The Madagascar palm is one of the succulent species of the Apocynaceae family. Madagascar palm is a popular name for this type of giant shrub or small tree depending on size.
It grows with thick, spiny stems and thin leaves that are centrally located at the top. Has small white flowers with a hint of yellow on the throat.
This tropical plant, which is native to southern Madagascar, is hardy only in USDA zones 9 through 11. Often grown indoors in most climates.
Madagascar Palm Plant
The Madagascar palm plant, which is a succulent, has an odd arrangement of tropical leaves that give it the appearance of a member of the cactus family, making it a real conversation starter.
The Madagascar palm, which has leaves that curl at the top, can grow up to 24 feet tall when grown outdoors. It is distinguished by its spear-like dark green leaves and has a stout, gray stem that probably includes thorns.
Each spring and early summer, the plant blooms with small, 4-inch buds that produce flowers that are often white but can also be yellow, pink, or red.
Madagascar Palm Plant Overview
- Botanical Name: Pachypodium lamerei
- Common Name: Madagascar Palm, Madagascar Cactus Palm Tree, Pachypodium Species, Club Foot
- Family: Apocynaceae
- Plant Type: Deciduous succulent
- Mature Size: 12-24 Ft.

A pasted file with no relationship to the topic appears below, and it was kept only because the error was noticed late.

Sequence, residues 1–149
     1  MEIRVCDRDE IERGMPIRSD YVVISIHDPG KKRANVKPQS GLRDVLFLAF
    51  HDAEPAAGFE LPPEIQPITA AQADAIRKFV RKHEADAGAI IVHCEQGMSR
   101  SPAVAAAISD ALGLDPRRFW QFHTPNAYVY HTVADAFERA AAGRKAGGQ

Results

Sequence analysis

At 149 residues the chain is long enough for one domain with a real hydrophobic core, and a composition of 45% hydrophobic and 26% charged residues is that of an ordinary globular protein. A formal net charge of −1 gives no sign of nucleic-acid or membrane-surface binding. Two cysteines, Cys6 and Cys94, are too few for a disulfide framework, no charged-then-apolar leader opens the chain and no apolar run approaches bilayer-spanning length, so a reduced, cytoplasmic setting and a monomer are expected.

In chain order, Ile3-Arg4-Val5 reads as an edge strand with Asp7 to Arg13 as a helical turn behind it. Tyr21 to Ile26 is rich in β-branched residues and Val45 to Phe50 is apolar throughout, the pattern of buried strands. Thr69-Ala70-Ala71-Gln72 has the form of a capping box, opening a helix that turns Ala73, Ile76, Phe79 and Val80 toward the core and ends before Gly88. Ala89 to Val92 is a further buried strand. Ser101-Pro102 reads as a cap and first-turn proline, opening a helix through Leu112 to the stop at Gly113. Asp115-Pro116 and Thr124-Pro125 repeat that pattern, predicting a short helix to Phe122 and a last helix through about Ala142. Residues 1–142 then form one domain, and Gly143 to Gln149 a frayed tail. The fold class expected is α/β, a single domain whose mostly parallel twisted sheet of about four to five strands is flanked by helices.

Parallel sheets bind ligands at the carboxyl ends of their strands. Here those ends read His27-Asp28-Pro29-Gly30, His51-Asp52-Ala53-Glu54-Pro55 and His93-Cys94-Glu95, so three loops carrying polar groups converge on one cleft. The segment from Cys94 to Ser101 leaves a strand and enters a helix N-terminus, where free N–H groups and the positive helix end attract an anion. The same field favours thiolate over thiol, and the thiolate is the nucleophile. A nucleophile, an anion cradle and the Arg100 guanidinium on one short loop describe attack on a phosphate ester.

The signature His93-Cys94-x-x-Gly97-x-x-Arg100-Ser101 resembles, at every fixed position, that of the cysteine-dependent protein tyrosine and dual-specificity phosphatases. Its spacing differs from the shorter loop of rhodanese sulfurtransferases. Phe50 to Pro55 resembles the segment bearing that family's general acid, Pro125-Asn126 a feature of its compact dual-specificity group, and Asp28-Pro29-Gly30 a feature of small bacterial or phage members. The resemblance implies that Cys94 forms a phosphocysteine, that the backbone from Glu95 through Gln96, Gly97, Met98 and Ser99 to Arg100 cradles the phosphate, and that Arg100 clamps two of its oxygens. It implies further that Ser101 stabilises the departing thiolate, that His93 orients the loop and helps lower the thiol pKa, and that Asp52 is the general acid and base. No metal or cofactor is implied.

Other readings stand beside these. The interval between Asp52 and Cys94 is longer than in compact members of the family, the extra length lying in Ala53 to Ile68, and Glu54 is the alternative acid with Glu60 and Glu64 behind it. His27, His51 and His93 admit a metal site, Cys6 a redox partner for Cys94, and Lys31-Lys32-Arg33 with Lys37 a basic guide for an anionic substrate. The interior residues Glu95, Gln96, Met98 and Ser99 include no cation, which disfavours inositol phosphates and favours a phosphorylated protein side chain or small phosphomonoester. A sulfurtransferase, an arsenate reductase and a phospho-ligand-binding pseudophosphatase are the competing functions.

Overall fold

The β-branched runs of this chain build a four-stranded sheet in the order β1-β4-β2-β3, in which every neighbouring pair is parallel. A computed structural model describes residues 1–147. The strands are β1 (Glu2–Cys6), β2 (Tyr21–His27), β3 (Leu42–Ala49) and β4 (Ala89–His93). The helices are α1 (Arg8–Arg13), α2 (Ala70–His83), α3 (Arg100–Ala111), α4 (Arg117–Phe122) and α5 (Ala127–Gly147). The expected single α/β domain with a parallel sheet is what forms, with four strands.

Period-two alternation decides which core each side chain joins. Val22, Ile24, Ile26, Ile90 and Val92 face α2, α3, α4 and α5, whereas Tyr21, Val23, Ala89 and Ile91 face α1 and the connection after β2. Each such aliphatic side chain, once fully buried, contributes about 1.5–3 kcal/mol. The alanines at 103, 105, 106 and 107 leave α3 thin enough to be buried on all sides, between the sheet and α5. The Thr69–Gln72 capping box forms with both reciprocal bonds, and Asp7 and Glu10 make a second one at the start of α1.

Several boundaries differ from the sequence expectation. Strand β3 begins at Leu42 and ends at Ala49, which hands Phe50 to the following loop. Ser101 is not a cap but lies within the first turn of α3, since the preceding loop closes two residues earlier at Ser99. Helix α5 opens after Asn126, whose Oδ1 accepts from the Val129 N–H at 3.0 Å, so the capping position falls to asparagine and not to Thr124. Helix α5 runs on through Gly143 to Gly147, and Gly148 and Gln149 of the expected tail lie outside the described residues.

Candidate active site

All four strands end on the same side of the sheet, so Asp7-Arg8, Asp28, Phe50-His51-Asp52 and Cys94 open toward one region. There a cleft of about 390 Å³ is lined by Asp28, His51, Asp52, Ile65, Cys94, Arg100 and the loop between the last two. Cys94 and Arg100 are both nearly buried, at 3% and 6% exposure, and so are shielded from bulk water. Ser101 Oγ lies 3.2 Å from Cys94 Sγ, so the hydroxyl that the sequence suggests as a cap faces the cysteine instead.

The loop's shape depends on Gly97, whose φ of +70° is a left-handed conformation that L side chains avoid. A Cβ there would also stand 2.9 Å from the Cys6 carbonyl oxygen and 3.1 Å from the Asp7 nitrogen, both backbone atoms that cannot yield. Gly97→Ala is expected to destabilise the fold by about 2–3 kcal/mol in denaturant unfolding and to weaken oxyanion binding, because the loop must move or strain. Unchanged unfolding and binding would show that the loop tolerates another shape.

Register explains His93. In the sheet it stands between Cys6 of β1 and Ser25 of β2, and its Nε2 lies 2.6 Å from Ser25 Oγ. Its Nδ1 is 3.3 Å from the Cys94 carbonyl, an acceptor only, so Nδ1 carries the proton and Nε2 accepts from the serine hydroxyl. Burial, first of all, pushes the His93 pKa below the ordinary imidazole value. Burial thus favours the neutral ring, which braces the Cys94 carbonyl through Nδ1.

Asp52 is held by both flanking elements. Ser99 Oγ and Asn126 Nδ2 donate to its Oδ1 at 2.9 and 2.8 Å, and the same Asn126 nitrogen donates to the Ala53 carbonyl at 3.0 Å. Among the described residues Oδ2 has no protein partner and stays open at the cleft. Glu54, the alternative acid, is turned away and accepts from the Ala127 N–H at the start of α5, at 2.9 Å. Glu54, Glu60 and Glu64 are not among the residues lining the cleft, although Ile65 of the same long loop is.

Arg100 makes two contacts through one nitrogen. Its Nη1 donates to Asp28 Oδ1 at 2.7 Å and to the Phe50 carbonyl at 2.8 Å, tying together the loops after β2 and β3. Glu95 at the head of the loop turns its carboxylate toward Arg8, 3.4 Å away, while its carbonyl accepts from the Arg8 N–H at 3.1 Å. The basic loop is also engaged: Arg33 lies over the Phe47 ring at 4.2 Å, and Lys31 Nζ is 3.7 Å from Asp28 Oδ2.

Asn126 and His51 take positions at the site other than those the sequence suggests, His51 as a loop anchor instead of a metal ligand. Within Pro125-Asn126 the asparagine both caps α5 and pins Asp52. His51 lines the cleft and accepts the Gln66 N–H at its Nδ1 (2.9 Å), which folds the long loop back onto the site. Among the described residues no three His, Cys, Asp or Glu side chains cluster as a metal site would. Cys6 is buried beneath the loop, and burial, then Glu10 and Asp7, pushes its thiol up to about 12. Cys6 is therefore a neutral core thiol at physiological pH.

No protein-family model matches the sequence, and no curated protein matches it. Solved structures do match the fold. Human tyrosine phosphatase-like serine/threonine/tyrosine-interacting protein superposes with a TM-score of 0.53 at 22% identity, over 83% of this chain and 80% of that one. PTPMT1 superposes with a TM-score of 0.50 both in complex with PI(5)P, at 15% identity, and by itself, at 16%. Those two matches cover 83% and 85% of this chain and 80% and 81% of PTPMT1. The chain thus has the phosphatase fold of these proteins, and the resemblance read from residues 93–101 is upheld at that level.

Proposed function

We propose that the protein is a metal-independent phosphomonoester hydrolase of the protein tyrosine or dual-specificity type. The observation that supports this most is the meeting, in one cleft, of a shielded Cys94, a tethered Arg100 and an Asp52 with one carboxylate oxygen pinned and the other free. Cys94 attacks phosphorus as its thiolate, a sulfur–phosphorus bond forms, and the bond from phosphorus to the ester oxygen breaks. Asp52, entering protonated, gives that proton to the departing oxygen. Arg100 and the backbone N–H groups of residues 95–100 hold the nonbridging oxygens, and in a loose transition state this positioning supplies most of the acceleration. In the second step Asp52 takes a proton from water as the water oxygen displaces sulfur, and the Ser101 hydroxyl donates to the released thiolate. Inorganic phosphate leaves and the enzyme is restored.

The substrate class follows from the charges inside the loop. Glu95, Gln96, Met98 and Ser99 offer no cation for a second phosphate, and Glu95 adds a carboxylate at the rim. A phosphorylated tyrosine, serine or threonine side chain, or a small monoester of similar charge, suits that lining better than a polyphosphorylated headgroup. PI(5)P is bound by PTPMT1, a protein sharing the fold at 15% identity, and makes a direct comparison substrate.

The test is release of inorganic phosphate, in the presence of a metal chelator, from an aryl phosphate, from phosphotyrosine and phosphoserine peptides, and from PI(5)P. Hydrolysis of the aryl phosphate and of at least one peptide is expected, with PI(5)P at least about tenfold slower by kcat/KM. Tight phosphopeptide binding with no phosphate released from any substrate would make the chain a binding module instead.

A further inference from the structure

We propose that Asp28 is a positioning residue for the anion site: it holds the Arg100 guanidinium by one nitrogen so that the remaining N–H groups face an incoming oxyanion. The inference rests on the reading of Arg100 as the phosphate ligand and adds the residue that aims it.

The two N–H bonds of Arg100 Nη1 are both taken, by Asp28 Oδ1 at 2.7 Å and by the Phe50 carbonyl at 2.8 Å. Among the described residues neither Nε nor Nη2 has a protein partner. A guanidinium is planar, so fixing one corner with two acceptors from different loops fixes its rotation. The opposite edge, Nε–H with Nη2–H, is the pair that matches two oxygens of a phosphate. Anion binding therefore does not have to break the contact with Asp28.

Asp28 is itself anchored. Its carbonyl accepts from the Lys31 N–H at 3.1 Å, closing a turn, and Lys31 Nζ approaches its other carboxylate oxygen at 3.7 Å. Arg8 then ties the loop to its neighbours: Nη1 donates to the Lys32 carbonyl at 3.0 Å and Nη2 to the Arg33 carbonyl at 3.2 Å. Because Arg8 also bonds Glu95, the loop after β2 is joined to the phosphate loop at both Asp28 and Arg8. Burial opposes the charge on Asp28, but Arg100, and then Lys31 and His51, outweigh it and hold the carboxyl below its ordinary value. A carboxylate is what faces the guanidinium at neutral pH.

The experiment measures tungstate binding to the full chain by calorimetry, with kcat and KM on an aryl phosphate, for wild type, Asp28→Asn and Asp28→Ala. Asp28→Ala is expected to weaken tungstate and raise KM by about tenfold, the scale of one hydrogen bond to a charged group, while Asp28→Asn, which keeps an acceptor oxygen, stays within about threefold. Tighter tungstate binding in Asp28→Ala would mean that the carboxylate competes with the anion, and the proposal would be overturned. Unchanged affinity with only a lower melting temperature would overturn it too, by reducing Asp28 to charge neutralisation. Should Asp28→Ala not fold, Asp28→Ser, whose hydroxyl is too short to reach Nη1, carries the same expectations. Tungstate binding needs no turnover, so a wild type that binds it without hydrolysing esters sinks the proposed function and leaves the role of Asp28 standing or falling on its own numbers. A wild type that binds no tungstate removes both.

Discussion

- Sun Exposure: Full Sun
- Soil Type: Cactus compost, well-drained chalk, loam, or sand
- Soil pH: Alkaline
- Bloom Time: Summer
- Flower Color: White, Yellow, Red, or Pink
- Hardiness Zones: 9-11 (USDA)
- Native Area: Southern Madagascar
Madagascar Palm Plant Species
There are a total of 25 such species, 20 of which are native to Madagascar, where the unique topography and microclimate have given rise to highly specialized species.
Pachypodium: Pachycole trunks in open and dry rocky environments are morphologically elongated trunks that store water to survive seasonal drought or root desiccation. A group of recognizable poisonous and stem-succulent plants are endemic to South Africa.
P. namaquanum: The succulent plant endemic to South Africa, it is also known as haffman or elephant trunk. It is a 4-meter-tall, succulent plant with a single stem. Sharp spines are abundantly coated on the furrowed trunk, which is thick at the base and tapered at the top.
P. Mikea: The small elegant palm-like succulent tree, the trunk of which is large columnar straight and pale in color. Its crown has few branches. At the top of each spiny shoot, a simple, slender, palm-like rosette of glossy leaves forms. There are white flowers.
How To Grow Madagascar Palm Plant
Madagascar palms have the potential to grow enormous and require a lot of soil in order to retain water. Therefore, use clay jars rather of plastic ones. The plant is securely contained in the clay jar and is kept from dropping to the ground.
The prepared seedling should next be placed according to its correct technique. After planting, it has to be watered promptly. It’s crucial to maintain the location where the plant may receive lots of sunshine.
Sunlight keeps plants healthy and as similar to their native habitat’s climate as possible, even when they don’t always engage in regular photosynthesis. Cut back as the plant grows, often in the spring, to hasten rooted.
The Madagascar palms should be pruned as needed, even if they are not needed often. Trim this tree to maintain order and get rid of any unhealthy or damaged foliage. This plant needs to be pruned to remove any overgrown or oversized shoots.